Last night it dawned on me I have yet to post about Wild at Heart by John Eldredge. I haven’t read the whole book now and it’s buried under a bunch of other books I want to read “next”.
When I first heard about this book I journaled my initial thoughts so I’ll look those up now and post what I wrote then.
Wow . . . that was back in October. Boy, time likes to fly.
I found out today Wild at Heart: Discovering the Secret of a Man’s Soul by John Eldredge is a favorite book of a couple of my good friends. I was instantly curious what this book was about and since they both like it so much I wanted to read it too.
Before the book arrives from Amazon I decided to read a little about the author. He grew up with an alcoholic father and didn’t profess Christianity until his adult years. He’s worked for Focus on the Family, started Ransomed HeartMinistries and has written many books.
I saw somewhere that there has been much controversy over this book of his so I looked up articles critiquing it. Below are two of the best articles I read.
(I strongly suggest you read these articles if you’ve read books by the Eldredges or are planning to.)
I won’t go into what these articles say because they are so well written and concise it would be difficult to paraphrase them. If what these articles say about how and what Eldredge writes is true, the book sounds very misguiding which also makes the author so.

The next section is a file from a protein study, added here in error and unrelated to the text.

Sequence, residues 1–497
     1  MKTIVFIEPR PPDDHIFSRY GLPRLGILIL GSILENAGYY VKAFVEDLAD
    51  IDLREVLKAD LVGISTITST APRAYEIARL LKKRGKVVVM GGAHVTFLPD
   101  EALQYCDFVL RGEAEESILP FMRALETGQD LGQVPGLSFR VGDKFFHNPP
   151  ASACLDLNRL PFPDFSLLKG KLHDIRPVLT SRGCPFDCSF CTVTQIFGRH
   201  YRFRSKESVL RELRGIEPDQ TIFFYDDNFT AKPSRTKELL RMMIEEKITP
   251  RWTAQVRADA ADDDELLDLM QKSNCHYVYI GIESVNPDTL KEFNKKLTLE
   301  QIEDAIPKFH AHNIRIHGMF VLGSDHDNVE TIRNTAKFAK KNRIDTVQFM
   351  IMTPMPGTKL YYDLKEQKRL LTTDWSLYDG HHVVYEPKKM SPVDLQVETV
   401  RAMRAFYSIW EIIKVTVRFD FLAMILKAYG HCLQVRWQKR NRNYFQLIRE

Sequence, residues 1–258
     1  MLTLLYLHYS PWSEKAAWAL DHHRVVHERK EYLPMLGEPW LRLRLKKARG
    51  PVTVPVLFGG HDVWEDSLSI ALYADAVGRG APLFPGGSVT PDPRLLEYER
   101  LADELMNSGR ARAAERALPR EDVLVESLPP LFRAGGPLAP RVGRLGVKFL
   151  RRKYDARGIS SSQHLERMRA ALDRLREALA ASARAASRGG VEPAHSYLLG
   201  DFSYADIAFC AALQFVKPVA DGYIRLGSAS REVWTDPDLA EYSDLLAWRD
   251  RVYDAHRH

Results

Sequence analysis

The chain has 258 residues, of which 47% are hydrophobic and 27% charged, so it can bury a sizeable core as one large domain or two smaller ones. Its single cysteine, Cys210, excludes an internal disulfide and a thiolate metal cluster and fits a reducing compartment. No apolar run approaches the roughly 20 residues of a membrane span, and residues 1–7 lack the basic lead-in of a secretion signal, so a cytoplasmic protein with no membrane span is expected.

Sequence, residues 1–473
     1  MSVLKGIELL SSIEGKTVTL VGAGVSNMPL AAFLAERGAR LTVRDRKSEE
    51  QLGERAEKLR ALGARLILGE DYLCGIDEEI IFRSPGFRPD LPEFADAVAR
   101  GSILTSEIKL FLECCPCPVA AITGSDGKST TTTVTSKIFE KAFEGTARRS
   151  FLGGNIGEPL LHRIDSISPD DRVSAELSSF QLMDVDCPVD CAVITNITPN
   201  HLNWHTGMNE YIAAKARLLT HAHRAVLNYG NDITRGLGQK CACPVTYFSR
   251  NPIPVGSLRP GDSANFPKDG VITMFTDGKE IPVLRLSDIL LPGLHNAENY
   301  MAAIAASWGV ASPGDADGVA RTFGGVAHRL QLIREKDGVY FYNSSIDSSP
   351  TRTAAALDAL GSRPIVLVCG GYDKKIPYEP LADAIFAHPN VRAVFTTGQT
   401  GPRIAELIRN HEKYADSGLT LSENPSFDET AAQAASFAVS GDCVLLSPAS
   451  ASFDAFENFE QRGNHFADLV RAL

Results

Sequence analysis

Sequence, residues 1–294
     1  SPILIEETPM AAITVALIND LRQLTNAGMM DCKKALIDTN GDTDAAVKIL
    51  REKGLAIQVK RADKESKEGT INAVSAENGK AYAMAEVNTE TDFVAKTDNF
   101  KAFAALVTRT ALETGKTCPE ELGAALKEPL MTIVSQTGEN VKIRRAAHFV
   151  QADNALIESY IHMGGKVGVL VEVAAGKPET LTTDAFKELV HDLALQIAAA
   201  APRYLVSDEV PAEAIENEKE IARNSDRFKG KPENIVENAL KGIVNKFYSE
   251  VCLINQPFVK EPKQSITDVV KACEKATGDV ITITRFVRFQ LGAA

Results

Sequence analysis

One point I will make however, is that Eldredge uses little scripture to back up his claims about human hearts and what he does use are bits and pieces of verses which have been re-worded to fit the meaning he needs to make his points. He does this a lot throughout the book and since the book’s publication and many critiques of it since he has had ample opportunity to correct these mistakes (if they are such) . . . which he hasn’t. So pretty clearly, Eldredge wants to conform what God says to Eldredge’s own thinking rather than conform his thinking to God’s.
Toward the end of one of these book reviews a topic was brought up I had thought of earlier. This book, Wild at Heart, has been a huge bestseller; since its publication over a million copies have sold. I am always wary of such instant bestsellers. Our culture today largely gravitates towards books not that lead to God and show humans as helpless sinners in need of a Savior but rather feel-good books which let us know “You’re okay, God understands you because he’s a lot like you, and it’s okay to sin” but this completely unbiblical message is masked in just enough scripture to disguise it to the untrained eye—and that’s what most Christians are today: untrained in the truth.
I hate that books like this have been published; they’re such an easy trap for young people to fall into. Young people today take things at face value and believe lies simply because they hear raving reviews about a book when instead they should be thinking hard, digging deeply and comparing closely to scripture to see if what they are reading is supported by truth.
In November, when I received this book and Captivating and took a look at each of them I wrote:
The Eldredge’s mentality is person centered. They try to make God’s character like theirs instead of the other way around. They grossly twist and misuse scripture to their own benefit.
If you’ve read Wild at Heart or were/are planning to I recommend you also read The Mark of a Man: Following Christ’s Example of Masculinity by Elisabeth Elliot.